You can't really go wrong with Spanish summers. If you thought that Benicassim was the only festival commencing on Thursday the 12th of July then clearly (read this in the melancholic tone that only Thom Yorke can conjure) you have not been paying attention, paying attention, paying attention.
Its fresh-faced, boisterous brother, Bilbao’s BBK festival, is Northern Spain's indie-music alternative to the frolicks on offer on the Costa del Azahar. This year’s edition, as previously alluded to, sees Bilbao play host to alternative rock giants Radiohead, the group’s only gig in Spain this year and for those of you who have never had the chance to witness them live before, it promises to be something quite special. If true art is, as we at Relevant believe it to be, about originality and pushing boundaries then this Oxford five-piece takes some beating. From their debut single ‘Creep’ in 1992, the band has undergone a metamorphosis even Kafka himself would be proud of, their latest album ‘King of Limbs’ being much more rhythm focused, with influences from dubstep and DJing. They are an example of just what can be achieved through an open mind with regard to music.
This festival is not about one band however, other headliners include The Cure who appear to be rather fond of Spain, having already playing at this year’s Primavera Sound festival; Mumford & Sons, Bloc Party and, for those with a nostalgic yearning for their early teens, Sum 41. Being on the north coast of Spain offers to perfect climate for a festival, not quite being the same sweaty, scorching, energy sapping mess that many of Spain’s more sizzling festival sites can descend into.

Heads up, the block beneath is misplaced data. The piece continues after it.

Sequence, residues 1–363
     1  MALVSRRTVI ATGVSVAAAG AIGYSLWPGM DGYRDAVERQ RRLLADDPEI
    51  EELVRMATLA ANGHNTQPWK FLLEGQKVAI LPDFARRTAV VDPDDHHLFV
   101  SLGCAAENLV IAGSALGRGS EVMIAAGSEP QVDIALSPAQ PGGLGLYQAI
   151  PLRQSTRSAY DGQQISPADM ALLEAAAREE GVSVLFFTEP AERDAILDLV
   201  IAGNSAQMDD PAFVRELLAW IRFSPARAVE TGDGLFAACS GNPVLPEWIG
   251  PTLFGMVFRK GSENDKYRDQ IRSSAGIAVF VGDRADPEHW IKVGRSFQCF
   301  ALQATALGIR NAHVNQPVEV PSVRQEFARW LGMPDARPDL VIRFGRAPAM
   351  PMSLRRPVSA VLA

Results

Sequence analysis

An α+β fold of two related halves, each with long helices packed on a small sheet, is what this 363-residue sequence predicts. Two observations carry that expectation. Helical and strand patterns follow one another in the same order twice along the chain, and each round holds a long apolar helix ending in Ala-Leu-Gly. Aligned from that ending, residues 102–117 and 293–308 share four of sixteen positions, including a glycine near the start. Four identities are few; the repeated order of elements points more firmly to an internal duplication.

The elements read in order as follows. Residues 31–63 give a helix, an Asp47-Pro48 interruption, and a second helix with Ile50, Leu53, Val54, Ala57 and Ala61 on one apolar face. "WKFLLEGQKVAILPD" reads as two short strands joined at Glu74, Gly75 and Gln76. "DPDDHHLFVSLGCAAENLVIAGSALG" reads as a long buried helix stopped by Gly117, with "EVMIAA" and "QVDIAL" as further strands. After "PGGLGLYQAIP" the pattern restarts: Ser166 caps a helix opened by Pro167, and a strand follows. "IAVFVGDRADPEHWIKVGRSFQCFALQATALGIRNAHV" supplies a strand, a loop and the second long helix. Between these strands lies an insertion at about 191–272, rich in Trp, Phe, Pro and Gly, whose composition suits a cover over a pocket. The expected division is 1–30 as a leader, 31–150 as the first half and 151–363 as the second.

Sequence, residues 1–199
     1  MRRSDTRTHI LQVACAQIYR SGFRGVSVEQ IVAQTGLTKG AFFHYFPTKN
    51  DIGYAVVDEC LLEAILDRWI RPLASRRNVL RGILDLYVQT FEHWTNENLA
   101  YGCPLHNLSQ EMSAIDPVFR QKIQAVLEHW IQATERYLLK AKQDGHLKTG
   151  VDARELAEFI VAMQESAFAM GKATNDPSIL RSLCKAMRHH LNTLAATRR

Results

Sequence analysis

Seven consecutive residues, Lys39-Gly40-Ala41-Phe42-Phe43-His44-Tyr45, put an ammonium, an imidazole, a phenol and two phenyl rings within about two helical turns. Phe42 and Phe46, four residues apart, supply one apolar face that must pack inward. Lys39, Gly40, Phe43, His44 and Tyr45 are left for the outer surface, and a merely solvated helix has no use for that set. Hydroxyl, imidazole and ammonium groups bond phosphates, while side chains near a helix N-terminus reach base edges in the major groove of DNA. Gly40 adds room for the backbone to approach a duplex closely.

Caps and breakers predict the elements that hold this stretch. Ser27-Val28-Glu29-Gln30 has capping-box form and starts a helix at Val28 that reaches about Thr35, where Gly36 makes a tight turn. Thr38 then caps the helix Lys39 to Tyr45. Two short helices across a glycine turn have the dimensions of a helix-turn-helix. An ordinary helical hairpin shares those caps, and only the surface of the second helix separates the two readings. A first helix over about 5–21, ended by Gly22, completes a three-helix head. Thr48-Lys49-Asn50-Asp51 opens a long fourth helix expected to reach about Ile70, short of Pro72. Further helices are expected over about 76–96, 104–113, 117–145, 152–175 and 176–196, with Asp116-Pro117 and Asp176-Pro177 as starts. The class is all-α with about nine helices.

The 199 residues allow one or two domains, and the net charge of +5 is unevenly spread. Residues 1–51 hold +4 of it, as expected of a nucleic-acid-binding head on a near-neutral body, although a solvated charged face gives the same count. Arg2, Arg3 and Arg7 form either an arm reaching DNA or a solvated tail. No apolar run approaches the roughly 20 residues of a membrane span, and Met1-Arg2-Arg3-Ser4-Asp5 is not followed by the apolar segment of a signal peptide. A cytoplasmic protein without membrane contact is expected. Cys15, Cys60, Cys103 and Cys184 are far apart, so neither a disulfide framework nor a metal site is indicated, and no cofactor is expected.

This trip also can be combined, for the fearless amongst you, with a jaunt to Pamplona, which will be playing host to its famous San Fermines that week. These world renowned events involve a heard of angsty young toros being set loose on the city streets, pursuing crowds of nutters, drunkards and adrenaline seekers sometimes as far as the city’s bull ring.
The only real problem is getting there. If you have a car, take it. The public transport on this route is horrendous. Your main choice resides between paying €35 for either a train or a bus from Barcelona, both taking over seven hours. A faster, and in some cases cheaper, alternative is the hour long flight from Barcelona’s El Prat Airport for €30 with RyanAir. That said, so as not offer any company free advertising, particularly RyanAir who frankly don’t deserve it, I’d like to balance things out by encouraging you to watch this video of planes flying into the city’s notoriously windy airport before becoming too enamoured by the flight option.
Up to you.
Regardless of how you get there, make sure you do as BBK Live 2012 promises to be thunderously epic. The festival runs from 12-14th July, three day tickets can be purchased for €111 - including the booking fee. Visit http://www.bilbaobbklive.com/2012/ for more tickets and more info.